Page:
California being a leading state. Recent Federal legislation,
designed to help families provide safe and stable homes for their
children through culturally appropriate services, has contributed
to the declining number of youth in care. While that number has
decreased recently, data shows increased mental health challenges
for youth, including depression, anxiety, and suicidal ideation.
Amara* lived with her three children and her husband, the
children’s stepdad, who was verbally and physically
abusive. Child Protective Services became involved, removed
the children from the home, and placed them in foster
care. Amara, who herself had been abused as a child, was
Sacramento State University and Stanford Sierra Youth & Families
(Stanford Sierra) have formed a strategic partnership for over
five years. Both entities have a common vision of improving the
well-being and quality of life for vulnerable youth and their
families in the community. Stanford Sierra supports the entire
family with professional treatment and compassionate care, so
every youth has the opportunity to thrive at home, in school, and
in the community.
Alex’s* mother abandoned him when he was young, and his father
physically abused him. With no relatives to take him in,
Alex was placed in foster care. Still traumatized by the
abuse and neglect, Alex was shuffled between four different homes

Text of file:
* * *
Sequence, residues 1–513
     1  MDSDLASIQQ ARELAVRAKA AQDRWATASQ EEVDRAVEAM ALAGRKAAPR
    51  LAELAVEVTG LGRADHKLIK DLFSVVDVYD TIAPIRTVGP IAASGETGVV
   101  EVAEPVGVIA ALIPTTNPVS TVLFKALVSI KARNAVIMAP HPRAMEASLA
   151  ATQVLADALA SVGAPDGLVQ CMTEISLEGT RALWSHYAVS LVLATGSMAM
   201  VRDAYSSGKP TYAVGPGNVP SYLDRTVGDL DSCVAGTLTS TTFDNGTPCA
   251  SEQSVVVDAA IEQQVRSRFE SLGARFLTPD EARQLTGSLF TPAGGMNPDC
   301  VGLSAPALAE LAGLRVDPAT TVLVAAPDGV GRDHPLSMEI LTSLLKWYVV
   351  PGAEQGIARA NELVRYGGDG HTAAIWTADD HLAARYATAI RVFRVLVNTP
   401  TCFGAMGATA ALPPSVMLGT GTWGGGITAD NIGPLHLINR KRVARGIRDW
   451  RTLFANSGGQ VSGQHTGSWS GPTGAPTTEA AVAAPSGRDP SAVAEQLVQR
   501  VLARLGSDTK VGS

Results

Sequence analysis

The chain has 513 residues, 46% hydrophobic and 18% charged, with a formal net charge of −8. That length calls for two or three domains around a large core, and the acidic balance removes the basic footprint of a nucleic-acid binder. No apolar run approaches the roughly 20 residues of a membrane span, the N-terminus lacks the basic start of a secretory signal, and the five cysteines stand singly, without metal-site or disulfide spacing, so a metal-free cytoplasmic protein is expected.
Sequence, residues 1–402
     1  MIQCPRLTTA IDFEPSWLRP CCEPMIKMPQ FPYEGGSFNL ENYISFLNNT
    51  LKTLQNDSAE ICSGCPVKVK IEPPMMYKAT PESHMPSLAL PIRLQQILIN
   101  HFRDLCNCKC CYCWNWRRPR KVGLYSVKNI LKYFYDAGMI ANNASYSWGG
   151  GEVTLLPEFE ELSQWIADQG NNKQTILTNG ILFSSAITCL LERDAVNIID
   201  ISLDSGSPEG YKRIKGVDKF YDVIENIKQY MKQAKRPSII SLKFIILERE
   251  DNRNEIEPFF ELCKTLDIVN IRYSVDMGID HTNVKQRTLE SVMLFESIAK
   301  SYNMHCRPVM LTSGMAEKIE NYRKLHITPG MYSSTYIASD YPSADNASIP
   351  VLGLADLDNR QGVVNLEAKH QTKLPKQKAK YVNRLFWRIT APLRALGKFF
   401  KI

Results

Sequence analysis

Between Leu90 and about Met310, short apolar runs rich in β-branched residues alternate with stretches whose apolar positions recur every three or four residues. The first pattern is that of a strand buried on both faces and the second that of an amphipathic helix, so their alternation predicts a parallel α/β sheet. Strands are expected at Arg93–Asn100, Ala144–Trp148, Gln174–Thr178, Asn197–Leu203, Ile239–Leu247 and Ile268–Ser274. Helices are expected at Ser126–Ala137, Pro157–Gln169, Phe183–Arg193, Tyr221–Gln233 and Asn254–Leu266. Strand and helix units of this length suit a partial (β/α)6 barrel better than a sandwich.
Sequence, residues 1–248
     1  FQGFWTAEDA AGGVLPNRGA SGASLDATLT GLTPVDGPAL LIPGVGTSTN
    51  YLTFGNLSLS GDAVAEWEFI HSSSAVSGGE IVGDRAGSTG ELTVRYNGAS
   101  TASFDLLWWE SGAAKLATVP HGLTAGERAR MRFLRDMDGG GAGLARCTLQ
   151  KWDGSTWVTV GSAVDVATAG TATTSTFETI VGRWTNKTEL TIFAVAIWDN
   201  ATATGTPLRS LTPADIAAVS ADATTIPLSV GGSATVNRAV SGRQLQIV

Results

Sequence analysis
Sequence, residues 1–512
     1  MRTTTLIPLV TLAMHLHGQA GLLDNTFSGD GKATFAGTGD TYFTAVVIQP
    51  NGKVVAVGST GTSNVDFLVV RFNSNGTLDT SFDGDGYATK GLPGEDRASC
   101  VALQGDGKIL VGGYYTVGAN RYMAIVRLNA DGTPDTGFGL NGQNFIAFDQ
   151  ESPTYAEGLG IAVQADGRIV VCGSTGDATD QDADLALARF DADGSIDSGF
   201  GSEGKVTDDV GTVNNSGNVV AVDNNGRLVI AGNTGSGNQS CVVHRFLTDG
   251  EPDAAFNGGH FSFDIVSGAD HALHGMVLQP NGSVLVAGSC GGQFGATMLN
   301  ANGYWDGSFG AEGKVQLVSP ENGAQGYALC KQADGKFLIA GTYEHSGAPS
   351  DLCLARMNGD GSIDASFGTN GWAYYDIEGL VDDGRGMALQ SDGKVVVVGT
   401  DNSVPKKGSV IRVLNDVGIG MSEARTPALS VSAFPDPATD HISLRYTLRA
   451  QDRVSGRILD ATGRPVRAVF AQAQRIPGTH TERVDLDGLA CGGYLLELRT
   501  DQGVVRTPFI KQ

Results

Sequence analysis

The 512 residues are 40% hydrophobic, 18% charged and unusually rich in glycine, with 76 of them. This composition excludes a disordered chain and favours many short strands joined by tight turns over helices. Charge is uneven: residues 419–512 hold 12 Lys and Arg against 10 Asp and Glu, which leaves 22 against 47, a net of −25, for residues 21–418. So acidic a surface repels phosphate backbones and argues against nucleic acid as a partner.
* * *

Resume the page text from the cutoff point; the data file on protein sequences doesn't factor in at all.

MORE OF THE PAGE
during his first two years in foster care. The uncertainty
compounded the trauma, making life even more difficult and
postponing any chance to heal.
Andrea* is a single mother. For many years, she struggled
with substance use while in an abusive relationship. Andrea’s
boyfriend prevented her from getting a job or making
friends. He often threatened her. One day a sheriff came to
the apartment, responding to a neighbor’s report about a domestic
disturbance. During the visit, the sheriff removed Andrea’s
daughter from her custody and placed the girl into protective
My name is Ramona Meza and I am the new Community Engagement
Coordinator at Stanford Sierra Youth & Families (SSYAF). I am
originally from a small town named Riverbank, which is located
near Modesto. I graduated from California State University,
Sacramento where I earned my Bachelor’s in Communications with a
concentration in Public Relations.
Conner was 11 years old when he entered foster care. He struggled
emotionally as a result of the past trauma he had experienced. He
was placed in a specialized foster care home because he had
higher needs. He began working with Whitney, a Stanford Sierra
Youth & Families’ social worker, who did whatever it took to make
sure that Conner received the support and stability he needed to
Throughout the African Diaspora, emphasis on the connection
between individual and community plays a vital role in improving
health and wellbeing, often woven together through ceremony,
empathic connection between healer and patient, food, and dance –
rich cultural healing traditions are still reflected in Black and
African American communities throughout the U.S. today.
In addition to being community-focused, traditional healing
methods in the African Diaspora are body-aware and encourage
restorative healing of mind, body, and spirit without
internalizing illness symptoms!
Alysha* knows what it’s like to be loved and cared for, to feel
wanted, and to be part of a family. She does well in school, has
lots of friends, and loves taking vacations with her parents. Not
long ago, she faced a different set of circumstances.
Jay*, Gilbert*, and Theo* are in middle school. They also
live in foster care. For most of their lives none of them
socialized much or even knew other kids like themselves, kids in
foster care. Sometimes this left them feeling isolated and
alone. “No one knows what it’s like,” said Theo, “unless
you’re in it too.”